3. Finally getting my cabinet-dusting and organizing project done – as well as cleaning out the door shelves and drawers of the refrigerator. I followed my friend Dianna‘s example and just did a few sections at a time. My main goal was cleaning crumbs and dust and finding a a place for a couple of items. But I did also weed out a few things to throw or give away. And I reacquainted myself with what I have in some of those darker or harder-to-reach corners. A bonus with this one: rest after work!

4. A couple of easy returns. I hate returning things to stores. I usually try to get my husband to take care of that task. 🙂 I had a pretty negative experience years ago trying to return something, so part of me braces myself for the sales clerk to argue with me. But even though I thought one store in particular might have some resistance to one return, they politely returned my money with no questions asked.

5. Devotional bullet journal. I’ve shared before that I used to journal along with my Bible reading, but dropped it because I was spending more time writing than reading. But lately I’ve been thinking about just jotting a few lines from the different sources I read, so I finally started. It’s hard not to try to outline or list everything, but I wanted to keep it simple and just highlight the main point or thought. That helps cement it in my mind, plus it helps me read with purpose rather than just going through a routine. I’ve only been at it a few times so far, but I am enjoying it.

Bonus: Pizza and movie night with the family.

Happy Friday!

Book Review: How Green Was My Valley

How Green Was My Valley by Richard Llewellyn is the story of a family in a Welsh mining village in the 1800s. The story begins with the narrator, Huw (pronounced like Hugh), looking back over his time in the valley just as he is getting ready to leave it as an older man.

Huw remembers his somewhat idyllic childhood. Most of the men in the valley worked in the coal mines. They’d come home en masse covered with coal dust, take a bath, and enjoy a fine meal prepared by their wives. Saturdays were special: payday. Every wife would dress in her second-best and bring a chair outside her door. Her husband would put his pay for the week in her lap. After a bath and a good dinner, then they’d go shopping.

Huw was the youngest son. Most of his brothers worked in the mines and contributed to the family coffers, so they were well-off, comparatively, and able to help others when times were hard. Huw was in an accident after which he could not walk for five years. Even after he could walk, his legs were spindly. Huw was educated by a village woman until she had taught him all she could. Then she prepared him for the national school. There he was a target, both because he was so slight and because he was the new kid. When he came home beat up, his father taught him how to defend himself.

Fighting was a big part of life then. People fought over slights, over speaking to a man’s daughter without asking his permission first, over just about any real or perceived infraction.

Huw’s memories trace the progression of his family, his own coming to manhood, Mr. Gruffydd (Griffith), the town minister, troubles and triumphs in town and at school. Trouble with the mines affected most of the families, and arguments flew back and forth about the best way to handle them. Some, including some of Huw’s brothers, were for unions, some for striking. And the slag heap, made up of waste from the mines, continually grew into a bigger blight on the landscape, eventually choking off life from the river and the land.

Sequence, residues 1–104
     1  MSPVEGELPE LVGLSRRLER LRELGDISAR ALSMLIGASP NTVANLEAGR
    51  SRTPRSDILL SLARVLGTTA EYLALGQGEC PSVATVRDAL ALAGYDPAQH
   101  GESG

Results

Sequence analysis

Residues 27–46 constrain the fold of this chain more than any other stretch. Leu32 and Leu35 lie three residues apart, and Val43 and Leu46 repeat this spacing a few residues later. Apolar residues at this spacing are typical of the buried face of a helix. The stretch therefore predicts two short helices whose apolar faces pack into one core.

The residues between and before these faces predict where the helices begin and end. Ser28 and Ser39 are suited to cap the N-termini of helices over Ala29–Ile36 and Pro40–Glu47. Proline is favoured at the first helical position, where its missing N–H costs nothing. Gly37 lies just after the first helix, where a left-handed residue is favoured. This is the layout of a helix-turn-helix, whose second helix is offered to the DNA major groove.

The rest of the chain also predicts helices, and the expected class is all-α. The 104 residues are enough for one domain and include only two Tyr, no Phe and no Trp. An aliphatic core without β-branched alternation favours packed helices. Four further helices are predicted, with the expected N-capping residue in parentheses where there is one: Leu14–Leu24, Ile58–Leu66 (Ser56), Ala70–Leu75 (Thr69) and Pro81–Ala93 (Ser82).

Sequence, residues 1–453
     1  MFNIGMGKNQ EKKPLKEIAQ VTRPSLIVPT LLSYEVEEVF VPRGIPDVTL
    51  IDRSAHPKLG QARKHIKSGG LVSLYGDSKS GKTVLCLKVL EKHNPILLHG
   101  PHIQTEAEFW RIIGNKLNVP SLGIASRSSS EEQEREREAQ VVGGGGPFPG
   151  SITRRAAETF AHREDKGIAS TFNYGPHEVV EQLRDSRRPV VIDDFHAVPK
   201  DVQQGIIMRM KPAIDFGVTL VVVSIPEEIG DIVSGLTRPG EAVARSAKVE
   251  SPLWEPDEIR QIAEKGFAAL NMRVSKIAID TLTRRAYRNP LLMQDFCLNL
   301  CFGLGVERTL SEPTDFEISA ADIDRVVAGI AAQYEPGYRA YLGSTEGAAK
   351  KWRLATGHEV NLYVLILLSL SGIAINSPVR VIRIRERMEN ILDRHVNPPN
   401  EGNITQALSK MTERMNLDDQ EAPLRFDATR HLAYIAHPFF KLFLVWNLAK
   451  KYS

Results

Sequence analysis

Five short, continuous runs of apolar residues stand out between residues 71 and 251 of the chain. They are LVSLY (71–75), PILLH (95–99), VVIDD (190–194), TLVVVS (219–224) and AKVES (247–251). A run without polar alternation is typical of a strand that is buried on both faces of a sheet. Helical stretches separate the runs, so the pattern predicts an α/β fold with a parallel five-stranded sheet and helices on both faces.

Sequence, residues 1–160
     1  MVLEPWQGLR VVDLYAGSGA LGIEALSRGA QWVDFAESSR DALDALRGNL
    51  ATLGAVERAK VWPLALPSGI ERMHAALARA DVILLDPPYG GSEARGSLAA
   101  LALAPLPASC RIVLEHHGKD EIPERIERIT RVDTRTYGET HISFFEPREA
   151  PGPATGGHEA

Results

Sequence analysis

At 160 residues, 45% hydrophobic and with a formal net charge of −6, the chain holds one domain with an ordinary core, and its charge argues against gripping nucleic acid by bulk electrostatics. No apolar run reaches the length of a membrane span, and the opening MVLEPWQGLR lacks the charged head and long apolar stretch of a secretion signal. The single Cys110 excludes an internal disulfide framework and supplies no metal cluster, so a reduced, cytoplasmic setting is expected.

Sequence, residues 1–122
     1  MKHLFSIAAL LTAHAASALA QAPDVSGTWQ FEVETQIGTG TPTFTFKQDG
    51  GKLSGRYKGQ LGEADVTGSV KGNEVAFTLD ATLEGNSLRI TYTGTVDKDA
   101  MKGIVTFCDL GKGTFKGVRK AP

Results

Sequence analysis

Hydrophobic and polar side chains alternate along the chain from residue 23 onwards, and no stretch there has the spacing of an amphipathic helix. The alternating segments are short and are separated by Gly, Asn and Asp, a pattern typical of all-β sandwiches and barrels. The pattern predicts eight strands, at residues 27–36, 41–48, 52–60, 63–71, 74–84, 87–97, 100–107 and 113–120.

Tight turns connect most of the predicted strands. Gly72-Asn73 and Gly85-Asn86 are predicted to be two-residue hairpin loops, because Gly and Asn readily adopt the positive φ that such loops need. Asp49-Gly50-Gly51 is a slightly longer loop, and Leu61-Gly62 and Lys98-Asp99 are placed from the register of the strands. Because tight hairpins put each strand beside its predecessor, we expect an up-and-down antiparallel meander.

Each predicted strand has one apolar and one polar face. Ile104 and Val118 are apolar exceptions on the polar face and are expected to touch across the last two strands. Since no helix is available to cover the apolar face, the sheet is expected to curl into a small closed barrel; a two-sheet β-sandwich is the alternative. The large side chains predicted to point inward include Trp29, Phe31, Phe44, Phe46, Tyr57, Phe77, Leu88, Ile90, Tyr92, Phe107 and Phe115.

I’m not one to see symbolism behind every element in literature, but the slag heap is such a presence through the book that it must symbolize something. I’m not sure exactly what, though. Man’s progression, which so often ends up  harming his environment? Man’s inherent corruption, which affects everything he touches? Maybe a bit of both.

Llewellyn is a beautiful writer, with a musical lilt to much of his prose. I listened to the audiobook wonderfully narrated by Ralph Cosham, and enjoyed hearing the lyricism of the book that way. I also checked a print copy from the library and enjoyed rereading a few passages.

There is beauitful to watch a mountain sleeping, and other mountains in the other valleys rising up like bits of blue velvet to make you feel you could cut a piece and wear it for a coat, to dance in above the fat clouds.

O, there is lovely to feel a book, a good book, firm in the hand, for its fatness holds rich promise, and you are hot inside to think of good hours to come.

There is good a cup of tea is when you are feeling low. Thin, and plenty of milk, and brown sugar in the crystal, in a big cup so that when your mouth is used to the heat you can drink instead of sipping. Every part of you inside you that seems to have gone to sleep comes lively again. A good friend of mine is a cup of tea, indeed.

I knew she was laughing, but she looked as though she were crying, with golden tears unsteady in her eyes, and her eyes gone lovely blue to call for pity, big, and round, like a little girl wanting to be carried, and turning down her mouth, only a little not to be ugly, and a tremble in the chin, and with hair almost the colour of a new penny about her face and hanging down three feet, with stray ones shining like the strings of a harp across her eyes and down her cheeks.

There is a wholeness about a woman, of shape, and sound, and colour, and taste, and smell, a quietness that is her, that you will want to hold tightly to you, all, every little bit, without words, in peace, with jealousy for the things that escape the clumsiness of your arms. So you feel, when you love.